March 12, 2017
Categorised in: Sermons
Preached by Canon Mark Collinson, using Luke 14.27-33 at Mattins on Sunday 12th March 2017, the Second Sunday of Lent.
27 Whoever does not carry the cross and follow me cannot be my disciple. 28 For which of you, intending to build a tower, does not first sit down and estimate the cost, to see whether he has enough to complete it? 29 Otherwise, when he has laid a foundation and is not able to finish, all who see it will begin to ridicule him, 30 saying, “This fellow began to build and was not able to finish.” 31 Or what king, going out to wage war against another king, will not sit down first and consider whether he is able with ten thousand to oppose the one who comes against him with twenty thousand? 32 If he cannot, then, while the other is still far away, he sends a delegation and asks for the terms of peace. 33 So therefore, none of you can become my disciple if you do not give up all your possessions.
Last week on the First Sunday of Lent we introduced the concept of Mammon as this powerful love for money and material things that we all experience. We began to question whether we really did need that holiday, those curtains, or a new bathroom, because our desire for these things can very easily eclipse our desire to know the Lord Jesus Christ as the one who satisfies our every need. Today we take another view of how Mammon distorts our lives, and entices us to settle for less than God wants for us.
Mammon makes us measure things. Every manager knows that you can’t manage what you can’t measure. Therefore we always want to know ‘how much?’ We measure the size of the economy in terms of GDP. We measure our bank accounts in pounds, our investments in the percentage they have gone up or down; our house in terms of bedrooms. Measuring things allows us to do this wonderful thing called comparison. Am I richer or poorer than last year? Has this week’s budget made me better off, or worse off? Comparing ourselves with others is more popularly known as ‘keeping up with the Joneses’.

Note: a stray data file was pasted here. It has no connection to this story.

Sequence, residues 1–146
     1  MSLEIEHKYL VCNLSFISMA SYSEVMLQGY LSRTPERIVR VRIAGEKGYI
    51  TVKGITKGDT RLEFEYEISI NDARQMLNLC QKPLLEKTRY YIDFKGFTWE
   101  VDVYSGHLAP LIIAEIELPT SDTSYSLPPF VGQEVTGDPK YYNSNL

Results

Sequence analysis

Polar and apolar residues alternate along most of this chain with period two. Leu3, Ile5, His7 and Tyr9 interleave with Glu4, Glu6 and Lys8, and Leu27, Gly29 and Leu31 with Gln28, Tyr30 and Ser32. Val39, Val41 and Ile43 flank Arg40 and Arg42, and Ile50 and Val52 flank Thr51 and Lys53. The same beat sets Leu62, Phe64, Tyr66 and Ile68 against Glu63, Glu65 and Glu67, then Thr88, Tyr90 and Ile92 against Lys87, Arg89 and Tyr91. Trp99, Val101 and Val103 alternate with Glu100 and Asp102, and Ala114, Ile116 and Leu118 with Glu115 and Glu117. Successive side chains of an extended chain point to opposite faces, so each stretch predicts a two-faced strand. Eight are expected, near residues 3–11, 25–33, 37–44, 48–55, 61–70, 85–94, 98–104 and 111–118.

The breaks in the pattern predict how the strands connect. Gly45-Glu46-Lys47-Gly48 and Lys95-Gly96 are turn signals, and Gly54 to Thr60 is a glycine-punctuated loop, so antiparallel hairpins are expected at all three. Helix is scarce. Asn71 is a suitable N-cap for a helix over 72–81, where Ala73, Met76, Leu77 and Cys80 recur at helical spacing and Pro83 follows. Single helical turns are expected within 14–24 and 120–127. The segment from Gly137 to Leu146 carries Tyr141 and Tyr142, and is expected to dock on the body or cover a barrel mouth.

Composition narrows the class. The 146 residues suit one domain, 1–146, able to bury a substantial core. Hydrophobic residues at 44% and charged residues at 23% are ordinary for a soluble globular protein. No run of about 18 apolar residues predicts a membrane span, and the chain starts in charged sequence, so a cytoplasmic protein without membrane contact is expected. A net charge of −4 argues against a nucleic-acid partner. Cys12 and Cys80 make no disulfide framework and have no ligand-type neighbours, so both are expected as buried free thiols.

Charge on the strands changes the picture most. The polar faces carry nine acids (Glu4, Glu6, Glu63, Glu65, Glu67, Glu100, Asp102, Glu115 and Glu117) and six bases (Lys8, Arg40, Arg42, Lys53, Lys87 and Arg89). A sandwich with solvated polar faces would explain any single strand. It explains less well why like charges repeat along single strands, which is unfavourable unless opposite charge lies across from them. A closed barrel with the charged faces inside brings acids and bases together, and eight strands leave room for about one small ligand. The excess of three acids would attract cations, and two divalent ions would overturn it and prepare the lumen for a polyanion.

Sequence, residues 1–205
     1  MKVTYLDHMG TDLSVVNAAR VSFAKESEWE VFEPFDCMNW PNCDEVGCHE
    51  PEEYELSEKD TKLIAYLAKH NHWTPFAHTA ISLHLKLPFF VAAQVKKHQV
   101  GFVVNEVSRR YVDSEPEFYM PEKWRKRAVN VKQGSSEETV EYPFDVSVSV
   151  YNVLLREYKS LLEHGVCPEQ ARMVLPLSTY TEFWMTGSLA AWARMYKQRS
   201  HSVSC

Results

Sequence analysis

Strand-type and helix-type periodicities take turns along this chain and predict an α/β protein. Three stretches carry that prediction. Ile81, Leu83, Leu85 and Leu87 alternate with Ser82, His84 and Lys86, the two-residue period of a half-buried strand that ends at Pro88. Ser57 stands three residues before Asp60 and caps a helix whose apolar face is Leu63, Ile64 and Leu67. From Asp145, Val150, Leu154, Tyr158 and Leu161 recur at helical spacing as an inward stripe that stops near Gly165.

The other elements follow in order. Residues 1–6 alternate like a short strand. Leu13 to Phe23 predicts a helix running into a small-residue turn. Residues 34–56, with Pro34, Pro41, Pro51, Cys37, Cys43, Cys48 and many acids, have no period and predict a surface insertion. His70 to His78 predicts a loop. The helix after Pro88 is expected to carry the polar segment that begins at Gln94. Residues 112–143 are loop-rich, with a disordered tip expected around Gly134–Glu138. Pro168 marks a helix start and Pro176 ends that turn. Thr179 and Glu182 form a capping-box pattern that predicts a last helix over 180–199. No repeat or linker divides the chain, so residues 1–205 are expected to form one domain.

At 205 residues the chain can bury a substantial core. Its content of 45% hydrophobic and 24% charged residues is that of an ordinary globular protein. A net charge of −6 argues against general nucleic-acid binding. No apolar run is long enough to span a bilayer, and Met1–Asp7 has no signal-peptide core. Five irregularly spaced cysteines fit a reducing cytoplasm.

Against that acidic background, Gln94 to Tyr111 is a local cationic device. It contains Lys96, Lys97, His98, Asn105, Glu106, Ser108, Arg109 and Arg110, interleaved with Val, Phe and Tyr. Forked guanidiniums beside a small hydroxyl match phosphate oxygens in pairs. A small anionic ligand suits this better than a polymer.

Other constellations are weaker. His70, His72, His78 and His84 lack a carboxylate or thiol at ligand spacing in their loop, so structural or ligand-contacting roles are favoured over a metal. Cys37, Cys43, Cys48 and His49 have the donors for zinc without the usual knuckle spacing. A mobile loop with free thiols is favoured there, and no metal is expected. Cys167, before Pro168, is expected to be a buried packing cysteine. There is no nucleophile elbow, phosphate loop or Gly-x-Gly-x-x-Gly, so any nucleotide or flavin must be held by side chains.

Do you realise, we never tend to compare ourselves with someone who is worse off than we are? I look at my neighbours and I only see that their car is a Porsche, mine’s a VW; their house is bigger than my house, and they seem to go on more foreign holidays than I do. I don’t tend to compare myself with my neighbour who has a smaller house, ageing 1970s furniture, an older car and stays with his sister if he wants to get away. That’s because the god Mammon is constantly scratching away at my heart making me feel dissatisfied with my lot in life. Mammon is constantly whispering in my ear, ‘You deserve more than he does’.
The consequence of listening to Mammon is that we limit our whole lives by what we measure. If our goal in life is to have a certain sized pension, or to have a certain sized house, or a certain sized car, then we may be serverly limiting what God wants for us.
There’s a story about a businessman who happened upon an Arab Sheikh late one night who was lost in London and he put himself out of his way and was very kind to the sheikh and returned him to his hotel in Knightsbridge. The Arab was overwhelmed with gratitude and asked the man what he could give him in return. ‘No, no’ said the businessman, ‘Please accept my time as a gift without needing to give anything in return.’ But the Arab insisted and so eventually the man confessed that he enjoyed golf, and he’d quite like to have a new set of golf clubs. He returned home and heard nothing from the Arab for months. It so happened they bumped into each other at a publicity event in Picadilly and the man wasn’t going to embarrass the Arab by asking about the golf clubs. But before he could say anything, the Arab said, ‘Look, I’m so sorry that I haven’t given you the golf clubs yet. I’ve bought two so far, and only one of them has a swimming pool, but I’m finding it difficult to buy a set. The Royal and Ancient at St Andrews simply won’t sell for any price.’